Dictionary of National Biography, 1885-1900/Duck, John
DUCK, Sir JOHN (d. 1691), mayor of Durham, was apprenticed early in life to a butcher at Durham, though from an entry in the guild registers it appears that in 1657 some opposition was raised to his following the trade. The foundation of his subsequent fortunes is said to have been laid by the following incident. 'As he was straying in melancholy idleness by the water side, a raven appeared hovering in the air, and from chance or fright dropped from his bill a gold Jacobus at the foot of the happy butcher boy.' This adventure was depicted on a panel in the house which he afterwards built for himself in Durham, where he became exceedingly prosperous, and in 1680 served the office of mayor. Taking an active part in politics during the last years of the Stuarts, he attracted the attention of the government, and in 1686 his useful loyalty was rewarded by a patent of baronetcy. In this he is described as 'of Haswell on the Hill,' a manor which he had purchased with his accumulated wealth in the year of his mayoralty. He built and endowed a hospital at Lumley, but as he had no issue his title became extinct at his death, 26 Aug. 1691.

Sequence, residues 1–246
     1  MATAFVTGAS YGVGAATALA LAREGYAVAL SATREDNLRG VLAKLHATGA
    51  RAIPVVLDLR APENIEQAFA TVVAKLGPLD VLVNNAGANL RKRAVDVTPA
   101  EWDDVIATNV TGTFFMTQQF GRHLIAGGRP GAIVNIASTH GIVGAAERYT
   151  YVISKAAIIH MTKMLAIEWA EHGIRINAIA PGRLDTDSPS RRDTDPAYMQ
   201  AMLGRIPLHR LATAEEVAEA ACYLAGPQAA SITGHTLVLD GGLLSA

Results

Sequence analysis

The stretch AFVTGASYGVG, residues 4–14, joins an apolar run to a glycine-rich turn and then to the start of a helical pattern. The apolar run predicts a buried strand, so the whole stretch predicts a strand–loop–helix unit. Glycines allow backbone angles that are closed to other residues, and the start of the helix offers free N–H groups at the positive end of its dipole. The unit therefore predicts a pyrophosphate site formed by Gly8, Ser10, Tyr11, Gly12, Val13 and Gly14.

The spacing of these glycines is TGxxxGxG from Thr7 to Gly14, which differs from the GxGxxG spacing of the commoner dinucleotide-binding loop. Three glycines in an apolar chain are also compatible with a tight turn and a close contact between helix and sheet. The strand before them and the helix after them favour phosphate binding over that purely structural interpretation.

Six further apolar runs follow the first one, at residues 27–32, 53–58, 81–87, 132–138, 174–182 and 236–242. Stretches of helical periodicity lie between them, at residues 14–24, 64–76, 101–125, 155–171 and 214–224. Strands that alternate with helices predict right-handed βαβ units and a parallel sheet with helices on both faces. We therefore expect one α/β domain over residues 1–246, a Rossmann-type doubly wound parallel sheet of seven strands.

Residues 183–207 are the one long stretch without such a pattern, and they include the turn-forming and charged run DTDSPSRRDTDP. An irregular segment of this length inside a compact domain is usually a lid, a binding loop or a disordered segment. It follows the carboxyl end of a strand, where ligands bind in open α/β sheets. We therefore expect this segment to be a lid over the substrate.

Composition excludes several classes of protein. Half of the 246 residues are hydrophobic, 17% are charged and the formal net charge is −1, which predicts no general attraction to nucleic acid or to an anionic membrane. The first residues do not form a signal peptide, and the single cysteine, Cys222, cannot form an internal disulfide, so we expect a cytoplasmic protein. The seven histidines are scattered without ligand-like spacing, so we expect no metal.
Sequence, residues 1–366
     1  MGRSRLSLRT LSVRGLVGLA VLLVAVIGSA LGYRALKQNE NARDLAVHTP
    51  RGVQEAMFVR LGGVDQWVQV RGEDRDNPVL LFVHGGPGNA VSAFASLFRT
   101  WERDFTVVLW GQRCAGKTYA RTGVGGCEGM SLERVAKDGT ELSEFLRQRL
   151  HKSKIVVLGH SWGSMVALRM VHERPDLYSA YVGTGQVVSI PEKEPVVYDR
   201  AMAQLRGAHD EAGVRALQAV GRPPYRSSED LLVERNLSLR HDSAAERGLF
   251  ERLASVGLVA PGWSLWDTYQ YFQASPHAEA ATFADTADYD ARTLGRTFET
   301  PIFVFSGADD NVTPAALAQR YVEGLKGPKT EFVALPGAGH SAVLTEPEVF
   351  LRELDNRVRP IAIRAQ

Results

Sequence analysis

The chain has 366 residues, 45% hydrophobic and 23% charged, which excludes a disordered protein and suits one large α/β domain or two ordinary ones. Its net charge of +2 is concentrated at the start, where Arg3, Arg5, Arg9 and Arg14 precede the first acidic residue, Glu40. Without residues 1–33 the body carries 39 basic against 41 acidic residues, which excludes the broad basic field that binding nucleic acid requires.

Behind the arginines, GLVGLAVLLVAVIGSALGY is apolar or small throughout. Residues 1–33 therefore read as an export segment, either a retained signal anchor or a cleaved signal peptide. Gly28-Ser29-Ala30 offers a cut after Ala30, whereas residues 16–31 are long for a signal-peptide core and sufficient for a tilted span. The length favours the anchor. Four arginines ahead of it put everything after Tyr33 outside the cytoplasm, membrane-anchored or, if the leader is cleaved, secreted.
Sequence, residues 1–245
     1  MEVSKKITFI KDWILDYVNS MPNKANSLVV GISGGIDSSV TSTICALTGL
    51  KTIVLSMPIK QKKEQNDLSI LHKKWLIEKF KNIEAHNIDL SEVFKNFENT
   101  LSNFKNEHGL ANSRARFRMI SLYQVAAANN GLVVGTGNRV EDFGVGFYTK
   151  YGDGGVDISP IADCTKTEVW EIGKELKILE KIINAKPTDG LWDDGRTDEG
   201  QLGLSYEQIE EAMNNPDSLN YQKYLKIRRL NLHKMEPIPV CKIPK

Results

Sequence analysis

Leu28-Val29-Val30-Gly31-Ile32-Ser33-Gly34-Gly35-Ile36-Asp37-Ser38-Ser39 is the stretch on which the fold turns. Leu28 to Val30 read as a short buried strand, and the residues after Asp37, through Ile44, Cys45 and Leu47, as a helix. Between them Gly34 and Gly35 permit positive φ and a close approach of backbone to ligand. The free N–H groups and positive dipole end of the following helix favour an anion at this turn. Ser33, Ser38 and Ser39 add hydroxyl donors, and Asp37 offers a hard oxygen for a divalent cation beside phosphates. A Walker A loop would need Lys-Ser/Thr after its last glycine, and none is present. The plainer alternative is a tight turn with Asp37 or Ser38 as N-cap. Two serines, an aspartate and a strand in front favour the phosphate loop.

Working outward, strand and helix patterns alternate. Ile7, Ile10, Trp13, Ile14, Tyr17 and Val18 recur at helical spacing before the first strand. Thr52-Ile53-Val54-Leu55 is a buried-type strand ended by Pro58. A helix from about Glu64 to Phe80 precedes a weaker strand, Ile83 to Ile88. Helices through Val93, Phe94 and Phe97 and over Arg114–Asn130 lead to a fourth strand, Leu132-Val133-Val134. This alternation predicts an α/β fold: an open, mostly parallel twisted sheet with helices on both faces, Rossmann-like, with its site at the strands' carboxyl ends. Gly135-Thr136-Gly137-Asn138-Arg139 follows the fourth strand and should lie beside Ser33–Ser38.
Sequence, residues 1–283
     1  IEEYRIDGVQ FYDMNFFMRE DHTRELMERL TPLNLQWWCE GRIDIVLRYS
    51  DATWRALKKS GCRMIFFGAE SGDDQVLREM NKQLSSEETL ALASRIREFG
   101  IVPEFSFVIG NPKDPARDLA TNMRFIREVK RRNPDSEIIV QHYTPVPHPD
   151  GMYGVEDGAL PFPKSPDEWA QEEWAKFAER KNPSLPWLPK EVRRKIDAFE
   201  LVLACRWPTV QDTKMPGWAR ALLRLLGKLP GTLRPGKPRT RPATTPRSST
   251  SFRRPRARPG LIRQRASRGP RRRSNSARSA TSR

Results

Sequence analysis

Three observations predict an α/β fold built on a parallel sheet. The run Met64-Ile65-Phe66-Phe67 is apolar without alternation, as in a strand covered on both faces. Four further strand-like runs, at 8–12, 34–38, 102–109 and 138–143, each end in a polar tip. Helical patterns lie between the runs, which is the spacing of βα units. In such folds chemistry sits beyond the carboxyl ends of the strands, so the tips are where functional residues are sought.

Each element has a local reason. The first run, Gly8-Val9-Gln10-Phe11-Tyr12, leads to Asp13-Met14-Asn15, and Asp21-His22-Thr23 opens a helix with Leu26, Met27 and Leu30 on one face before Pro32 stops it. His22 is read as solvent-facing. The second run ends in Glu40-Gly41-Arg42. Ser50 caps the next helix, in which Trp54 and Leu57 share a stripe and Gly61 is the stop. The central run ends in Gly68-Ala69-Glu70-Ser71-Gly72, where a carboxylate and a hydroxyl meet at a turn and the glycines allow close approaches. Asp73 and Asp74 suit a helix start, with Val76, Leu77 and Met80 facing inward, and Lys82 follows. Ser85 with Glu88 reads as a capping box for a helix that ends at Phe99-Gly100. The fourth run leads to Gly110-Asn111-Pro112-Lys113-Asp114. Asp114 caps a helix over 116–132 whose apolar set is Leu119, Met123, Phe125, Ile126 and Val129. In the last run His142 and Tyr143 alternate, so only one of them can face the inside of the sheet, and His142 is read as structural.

[Surtees' Hist. of Durham, i. 53, 54, &c.; Le Neve's Baronets; Burke's Extinct Baronetage.]